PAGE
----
Government Operate to Bring Theatres Back by Christmas

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Culture Secretary, Oliver Dowden, has announced a government plan to bring back theatres named “Operation Sleeping Beauty”.

While the coronavirus pandemic has caused many businesses to rework how they do things, the arts have had a much harder time than most. Theatres, in particular, have been kept back from reopening despite football stadiums and the such being open to the public. Despite the £1.57B ‘rescue package’ sent out to help struggling theatres, many have had to close permanently moving forward, including both of Southampton’s NST sites.

However, Dowden and his team are hoping to reopen theatres in time for Christmas with the new government project, saying, “we’re going to have to innovate and be bold to save the things we love.”

There is no official word on what this project entails, but Dowden has shared his thoughts on live theatre in an article written for The Mail on Sunday:

When public health experts were concerned about the return of live performances of singers and wind and brass players, saying they were potentially too high-risk without extended social distancing, I sought a second opinion. We funded a scientific study to examine the transmission risks associated with singing or playing those instruments. When the study showed those activities posed no higher risk than shouting or speaking, we scrapped the extra restrictions and performers were back on stage together within days. A three-metre distance became one metre-with-mitigations overnight. Mass indoor events are now in my sights.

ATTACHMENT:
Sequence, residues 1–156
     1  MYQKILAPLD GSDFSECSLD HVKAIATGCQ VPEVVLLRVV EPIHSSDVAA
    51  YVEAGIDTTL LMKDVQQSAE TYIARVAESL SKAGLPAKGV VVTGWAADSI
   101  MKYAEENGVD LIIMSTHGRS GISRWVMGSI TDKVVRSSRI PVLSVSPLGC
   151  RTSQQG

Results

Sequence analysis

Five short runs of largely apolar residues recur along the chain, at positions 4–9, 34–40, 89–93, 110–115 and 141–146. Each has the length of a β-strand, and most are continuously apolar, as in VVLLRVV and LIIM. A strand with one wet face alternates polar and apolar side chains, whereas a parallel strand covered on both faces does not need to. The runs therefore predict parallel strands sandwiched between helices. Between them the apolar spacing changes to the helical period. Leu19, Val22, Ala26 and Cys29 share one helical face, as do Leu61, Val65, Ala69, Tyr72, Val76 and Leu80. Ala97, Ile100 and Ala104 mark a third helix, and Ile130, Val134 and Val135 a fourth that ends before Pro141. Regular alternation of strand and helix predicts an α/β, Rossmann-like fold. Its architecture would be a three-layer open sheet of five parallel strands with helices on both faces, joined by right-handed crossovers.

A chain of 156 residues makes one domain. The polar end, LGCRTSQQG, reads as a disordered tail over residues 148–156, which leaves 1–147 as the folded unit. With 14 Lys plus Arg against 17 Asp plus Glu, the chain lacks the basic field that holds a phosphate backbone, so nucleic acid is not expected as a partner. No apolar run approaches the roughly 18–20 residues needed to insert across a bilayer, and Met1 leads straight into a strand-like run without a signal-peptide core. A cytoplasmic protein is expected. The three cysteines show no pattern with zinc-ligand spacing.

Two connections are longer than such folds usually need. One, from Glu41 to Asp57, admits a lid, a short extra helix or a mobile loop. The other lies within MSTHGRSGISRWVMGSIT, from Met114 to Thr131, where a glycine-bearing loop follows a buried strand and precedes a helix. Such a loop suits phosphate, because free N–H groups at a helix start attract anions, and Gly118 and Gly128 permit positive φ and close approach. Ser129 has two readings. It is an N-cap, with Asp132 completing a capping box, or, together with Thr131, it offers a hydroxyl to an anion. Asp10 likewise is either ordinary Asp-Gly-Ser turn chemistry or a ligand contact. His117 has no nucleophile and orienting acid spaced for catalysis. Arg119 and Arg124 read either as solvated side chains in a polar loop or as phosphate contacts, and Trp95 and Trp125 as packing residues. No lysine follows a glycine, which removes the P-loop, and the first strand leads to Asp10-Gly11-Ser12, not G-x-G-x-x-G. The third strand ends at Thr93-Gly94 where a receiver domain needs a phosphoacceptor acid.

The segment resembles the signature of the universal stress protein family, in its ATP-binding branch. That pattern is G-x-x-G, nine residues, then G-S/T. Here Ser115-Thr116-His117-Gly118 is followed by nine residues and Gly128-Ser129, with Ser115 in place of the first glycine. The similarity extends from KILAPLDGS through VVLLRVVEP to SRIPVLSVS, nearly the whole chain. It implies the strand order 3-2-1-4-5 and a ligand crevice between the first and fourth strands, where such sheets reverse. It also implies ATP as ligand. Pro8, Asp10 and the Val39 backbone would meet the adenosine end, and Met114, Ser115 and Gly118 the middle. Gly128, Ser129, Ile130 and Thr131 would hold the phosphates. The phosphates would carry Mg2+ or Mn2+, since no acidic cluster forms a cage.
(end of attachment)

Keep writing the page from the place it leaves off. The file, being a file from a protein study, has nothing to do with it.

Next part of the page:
I won’t allow the UK to be a laggard in the race to return live theatre. If we cherish the hustle and bustle of our cities and our vibrant urban economy, then we need to show our cultural organisations and businesses support now. We cannot guarantee plain sailing, and as with any part of reopening after lockdown, we cannot guarantee zero risk. That’s just as true when people sit next to each other on planes. But as with flying, we can minimise the threat and help adults find ways to feel a sense of normality – whether it’s by getting on a plane, enjoying a half-price meal out (as 100 million did last month), or, indeed, by visiting the theatre.

Dowden also referenced our own university in his article, “[We could use new ventilator systems] or using the saliva tests being trialled by Southampton University, which Bournemouth Symphony Orchestra is looking at rolling out for performers and their families.” So when theatres are back up and running, you can wave a few thanks to the research teams at UoS for their important input.

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A philosophy student with a penchant for uncertain puns

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